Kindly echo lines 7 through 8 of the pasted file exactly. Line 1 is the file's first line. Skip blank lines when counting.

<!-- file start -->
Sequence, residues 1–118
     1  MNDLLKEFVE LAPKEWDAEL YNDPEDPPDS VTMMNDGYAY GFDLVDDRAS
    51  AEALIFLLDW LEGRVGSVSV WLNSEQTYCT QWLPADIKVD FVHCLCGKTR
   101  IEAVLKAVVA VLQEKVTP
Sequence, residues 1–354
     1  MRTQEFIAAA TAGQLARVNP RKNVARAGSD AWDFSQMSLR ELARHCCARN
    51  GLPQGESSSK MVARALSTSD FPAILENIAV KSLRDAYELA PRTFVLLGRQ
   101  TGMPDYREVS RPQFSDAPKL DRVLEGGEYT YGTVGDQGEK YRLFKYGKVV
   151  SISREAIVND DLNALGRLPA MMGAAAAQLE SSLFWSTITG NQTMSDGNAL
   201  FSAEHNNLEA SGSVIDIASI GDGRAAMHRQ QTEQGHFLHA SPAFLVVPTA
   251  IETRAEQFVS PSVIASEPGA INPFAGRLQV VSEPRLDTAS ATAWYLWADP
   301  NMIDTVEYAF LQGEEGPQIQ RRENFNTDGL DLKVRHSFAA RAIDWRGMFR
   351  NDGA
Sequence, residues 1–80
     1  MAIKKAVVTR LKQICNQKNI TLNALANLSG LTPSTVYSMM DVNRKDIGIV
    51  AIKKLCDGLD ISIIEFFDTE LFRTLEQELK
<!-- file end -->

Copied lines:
    51  GLPQGESSSK MVARALSTSD FPAILENIAV KSLRDAYELA PRTFVLLGRQ
   101  TGMPDYREVS RPQFSDAPKL DRVLEGGEYT YGTVGDQGEK YRLFKYGKVV